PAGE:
Jun 30, 2021
How to make your cover crops work for you
Nic Podoll

At the Rodale Institute, we know that cover crops provide amazing benefits such as reducing pest and weed pressure, enhancing soil and water quality, increasing nutrient cycling efficiency, and providing nutrients to cash crops.

But how does the everyday grower evaluate whether his or her cover crops are providing those benefits?

Come planting season, most farmers find themselves standing in their fields asking the question, “Did my cover crops work or not?” If you have struggled with cover crops, the task of evaluating their successes, their failures, and potential corrections may have seemed too daunting to attempt.

There is a lot of literature on cover crops and trials conducted by Rodale Institute, universities and other organizations that are a great place to start. Ultimately, however, nothing can replace the experience of planting cover crops on your own farm. Once you have made that investment, you need to make sure you get the most out it, whether it’s learning from failure or replicating success. That’s where evaluating cover crop performance comes in.

The first step of evaluating your cover crop success is establishing a system.

Begin by thinking about what you want cover crops to do for you. What challenges are you facing on your farm? How might cover crops address those challenges? Write those down and then develop a set of goals for cover crops in your operation. For example, a common goal for all operations is weed suppression. Once you have your overarching goals that you would like to achieve with cover crops, you can begin to build your cover crop plan.

Next, think about the ways to achieve your goals, and which cover crops have the qualities you need. Using the example of weed suppression, cover crops with qualities like quick emergence, vigorous growth, full ground cover, good stand quality, and a high biomass come to mind. Any allelopathic effect is also desirable. Also, make a list of variables that may affect cover crop performance in suppressing weeds. This may include variety, seed quality, insect and disease resistance, seeding rates, soil moisture levels and soil fertility. Identifying these criteria to meet your goal of weed suppression will help you decide which cover crops to plant.

Once you have chosen your cover crops, the next step is to measure their success in the field, using the criteria you identified. I recommend developing some sort of rating scale. It could be as simple as assigning each cover crop a 1-5 rating in achieving each criterium.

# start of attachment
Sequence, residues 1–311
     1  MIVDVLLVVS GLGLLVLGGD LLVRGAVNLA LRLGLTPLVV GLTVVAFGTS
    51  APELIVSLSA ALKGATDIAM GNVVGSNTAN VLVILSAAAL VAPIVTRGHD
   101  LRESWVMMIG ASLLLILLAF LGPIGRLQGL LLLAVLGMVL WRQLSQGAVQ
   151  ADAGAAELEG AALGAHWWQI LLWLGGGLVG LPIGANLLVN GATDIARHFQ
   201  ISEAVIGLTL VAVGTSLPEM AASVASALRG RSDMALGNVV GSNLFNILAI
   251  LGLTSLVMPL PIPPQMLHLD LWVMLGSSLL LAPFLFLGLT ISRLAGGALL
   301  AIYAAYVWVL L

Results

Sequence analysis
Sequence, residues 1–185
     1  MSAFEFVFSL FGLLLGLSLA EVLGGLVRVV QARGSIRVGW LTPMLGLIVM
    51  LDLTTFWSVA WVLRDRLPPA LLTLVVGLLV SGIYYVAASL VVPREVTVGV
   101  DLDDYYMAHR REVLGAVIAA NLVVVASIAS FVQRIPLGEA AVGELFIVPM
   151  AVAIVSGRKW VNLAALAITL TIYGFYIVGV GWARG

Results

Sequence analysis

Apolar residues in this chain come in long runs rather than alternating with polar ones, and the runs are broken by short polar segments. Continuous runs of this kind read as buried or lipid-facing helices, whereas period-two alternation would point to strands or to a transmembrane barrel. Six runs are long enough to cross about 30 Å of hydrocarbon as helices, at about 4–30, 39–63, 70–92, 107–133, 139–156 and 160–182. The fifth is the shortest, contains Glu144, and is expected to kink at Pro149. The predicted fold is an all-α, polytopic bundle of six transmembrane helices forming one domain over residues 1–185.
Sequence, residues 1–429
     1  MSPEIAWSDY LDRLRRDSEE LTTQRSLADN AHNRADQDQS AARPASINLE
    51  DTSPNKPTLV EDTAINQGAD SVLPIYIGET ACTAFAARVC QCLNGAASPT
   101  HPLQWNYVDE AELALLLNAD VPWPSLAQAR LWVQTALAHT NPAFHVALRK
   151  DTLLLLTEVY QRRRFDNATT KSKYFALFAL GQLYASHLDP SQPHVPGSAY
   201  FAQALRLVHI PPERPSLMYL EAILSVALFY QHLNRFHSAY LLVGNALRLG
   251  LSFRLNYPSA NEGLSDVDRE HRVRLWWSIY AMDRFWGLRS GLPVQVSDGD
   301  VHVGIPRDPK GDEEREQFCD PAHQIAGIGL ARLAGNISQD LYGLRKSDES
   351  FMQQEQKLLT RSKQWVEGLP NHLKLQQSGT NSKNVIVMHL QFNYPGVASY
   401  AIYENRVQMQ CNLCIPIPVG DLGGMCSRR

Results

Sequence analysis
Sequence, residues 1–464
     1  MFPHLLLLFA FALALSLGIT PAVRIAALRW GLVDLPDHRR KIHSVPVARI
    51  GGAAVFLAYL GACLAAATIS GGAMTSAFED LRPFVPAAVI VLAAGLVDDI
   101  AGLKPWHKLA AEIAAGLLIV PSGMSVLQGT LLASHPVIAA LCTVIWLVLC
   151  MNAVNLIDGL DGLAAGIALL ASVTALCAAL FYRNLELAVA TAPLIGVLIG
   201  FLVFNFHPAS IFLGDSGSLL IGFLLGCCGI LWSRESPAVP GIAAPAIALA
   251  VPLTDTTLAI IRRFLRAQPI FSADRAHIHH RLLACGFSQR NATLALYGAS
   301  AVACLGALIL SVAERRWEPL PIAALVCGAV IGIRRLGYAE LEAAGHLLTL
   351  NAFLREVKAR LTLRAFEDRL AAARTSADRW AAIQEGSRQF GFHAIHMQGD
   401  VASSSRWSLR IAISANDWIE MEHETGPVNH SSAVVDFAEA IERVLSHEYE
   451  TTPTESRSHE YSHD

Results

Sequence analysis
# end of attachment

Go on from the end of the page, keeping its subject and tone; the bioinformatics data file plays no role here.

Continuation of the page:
Make notes about each rating based on the possible variables that could have affected performance. For example, maybe you did not achieve very good stand quality and it had a negative impact on the cover crop’s ability to suppress weeds. Investigate why this occurred, and whether it can be attributed to a failure of that cover crop species or a variable that affected its performance.

In this example, high moisture levels or low seed quality could have led to decreased germination rates. After evaluating performance and considering all the variables, you will have a much clearer picture of what decisions you need to make next time to achieve better outcomes.

Your cover crop evaluation system can be as simple or as complex as you need it to be, but it should make sense to you and be based on the specific conditions present on your farm. You want to end up with clear goals and performance criteria that help you choose which cover crops to plant and when. This should also be an evolutionary process, in which you not only continuously refine your cover crop selections, but also the performance criteria you measure them against.

Start with as simple of an evaluation system as possible. As you evaluate cover crop performance and you gain more experience with cover crops in your farming system, your evaluation system will naturally evolve and become more advanced over time. You will discover and add new variables that affect performance. You may realize that certain performance criteria carry more weight than others in terms of achieving the overall goal they are attached to. Consider ways to incorporate those discoveries into your evaluations.

A cover crop evaluation plan should help make things easier, not harder or more stressful. Always keep in mind that the goal of the evaluation process is to help you fully integrate cover crops into your crop rotation and enhance the cultural controls of your farming system so that you can make cover crops work for you and achieve the full potential of benefits to your soil and your bottom line.

Need help evaluating your cover crop performance, planning your crop rotation, or drafting a systems plan? Rodale Institute’s Organic Farm Consulting Services can help you with your transition to organic or regenerative practices. Services may be provided free of charge to farmers in Pennsylvania and the Midwest. Contact us at Consulting@RodaleInstitute.org or at 610-683-1416 to learn more.


Nic Podoll is a Midwest Organic Consultant with Rodale Institute. Nic is a lifelong organic farmer, having grown up and farmed with his family on their certified organic farm in southeast North Dakota, raising small grains and vegetable seed. Nic is IOIA certified in crops and holds a Master’s in Agricultural & Extension Education from North Carolina State University. He is located in north-central Minnesota.
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